A lucrative drug discount program that is a lifeline for charity hospitals and a money-maker for some health systems will be the subject of a congressional hearing next week.
The 340B program requires drug makers participating in the Medicaid program to give deep discounts on outpatient drugs to hospitals that treat low-income patients. The program was created in 1992 for charity hospitals like Atlanta’s Grady Memorial Hospital that serve lots of low-income patients covered by government health plans.
But the use of the program has exploded in recent years, with many hospitals that provide little charity care to uninsured patients among the heavy users.
The Atlanta Journal-Constitution last month exposed how metro Atlanta’s hospitals are using the discount program.
The subcommittee on Oversight and Investigations, which is part of the U.S. House Committee on Energy and Commerce, has set a hearing on the program for Tuesday. The hearing, which is focused on examining the oversight of the program, will include testimony from the agency that administers the program, as well as congressional watchdogs that have studied the program and recommended changes.
A 2015 Government Accountability Office report that found that hospitals getting discounts through 340B were prescribing more drugs, or more expensive drugs, than hospitals that weren’t in the program. The report questioned whether potential profits of the program influenced prescribing.
“With the number of covered entities nearly quadrupling in less than a decade, the 340B program’s lack of sufficient oversight, as revealed by the GAO, is alarming,” said Rep. Tim Murphy, R-Pennsylvania, who chairs the subcommittee. “As the program continues to expand, our first priority must be to examine how this program is impacting patients, providers, manufacturers, and other stakeholders and ensure that we are protecting program integrity.”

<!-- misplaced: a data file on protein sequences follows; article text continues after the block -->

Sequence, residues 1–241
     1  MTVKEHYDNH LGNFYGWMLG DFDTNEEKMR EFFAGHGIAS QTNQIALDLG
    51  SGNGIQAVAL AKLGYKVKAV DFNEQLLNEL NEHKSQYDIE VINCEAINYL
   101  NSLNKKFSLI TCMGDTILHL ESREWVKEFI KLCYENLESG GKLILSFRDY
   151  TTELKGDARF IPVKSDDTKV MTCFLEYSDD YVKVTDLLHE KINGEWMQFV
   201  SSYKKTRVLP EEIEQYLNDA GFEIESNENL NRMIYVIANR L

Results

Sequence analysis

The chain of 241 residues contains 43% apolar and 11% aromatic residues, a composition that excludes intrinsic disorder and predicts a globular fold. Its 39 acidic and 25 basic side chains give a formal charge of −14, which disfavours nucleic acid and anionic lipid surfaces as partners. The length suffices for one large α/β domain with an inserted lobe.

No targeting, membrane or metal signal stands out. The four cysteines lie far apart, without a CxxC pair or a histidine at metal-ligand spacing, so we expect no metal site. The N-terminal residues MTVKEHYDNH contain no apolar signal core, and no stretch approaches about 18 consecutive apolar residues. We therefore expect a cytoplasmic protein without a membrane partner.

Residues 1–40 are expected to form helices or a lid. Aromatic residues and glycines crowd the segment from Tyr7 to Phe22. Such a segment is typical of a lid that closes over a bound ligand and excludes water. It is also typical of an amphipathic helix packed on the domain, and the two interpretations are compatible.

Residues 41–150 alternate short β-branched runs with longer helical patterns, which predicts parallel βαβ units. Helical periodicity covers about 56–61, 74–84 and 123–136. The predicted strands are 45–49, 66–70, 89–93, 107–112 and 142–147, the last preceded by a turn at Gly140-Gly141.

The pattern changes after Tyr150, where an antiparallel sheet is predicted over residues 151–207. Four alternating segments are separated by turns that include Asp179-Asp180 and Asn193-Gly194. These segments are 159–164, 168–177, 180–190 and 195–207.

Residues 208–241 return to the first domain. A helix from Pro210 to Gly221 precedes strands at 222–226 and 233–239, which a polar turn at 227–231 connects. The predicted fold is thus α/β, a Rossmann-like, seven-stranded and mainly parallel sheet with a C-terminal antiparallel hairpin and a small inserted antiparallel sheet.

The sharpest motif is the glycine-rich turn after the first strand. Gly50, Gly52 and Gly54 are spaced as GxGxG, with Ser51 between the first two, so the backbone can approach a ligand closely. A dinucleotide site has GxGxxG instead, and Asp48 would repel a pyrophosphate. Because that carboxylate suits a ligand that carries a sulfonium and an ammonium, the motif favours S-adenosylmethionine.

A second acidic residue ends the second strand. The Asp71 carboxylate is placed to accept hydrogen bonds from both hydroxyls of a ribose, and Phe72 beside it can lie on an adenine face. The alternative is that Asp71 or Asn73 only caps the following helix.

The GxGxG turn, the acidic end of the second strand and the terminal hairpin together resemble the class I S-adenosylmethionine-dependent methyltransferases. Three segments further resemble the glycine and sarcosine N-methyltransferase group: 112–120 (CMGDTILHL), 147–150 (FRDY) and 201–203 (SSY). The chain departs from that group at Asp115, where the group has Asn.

Hospitals that rely on the 340B program faced another potential challenge on Thursday with the announcement that the Medicare program is proposing cuts in payments for outpatient drugs that the hospitals buy at a discount. The program currently allows hospitals to get full reimbursements for drugs purchased at a discount and to use those dollars however they see fit.
“These new regulations will penalize safety net hospitals participating in 340B and severely impede their ability to sustain vital services and care to patients in the nation’s most underserved communities,” said Association of American Medical Colleges President and CEO Darrell G. Kirch, in a statement released Thursday night.
To read the AJC’s story examining the 340B program, click here.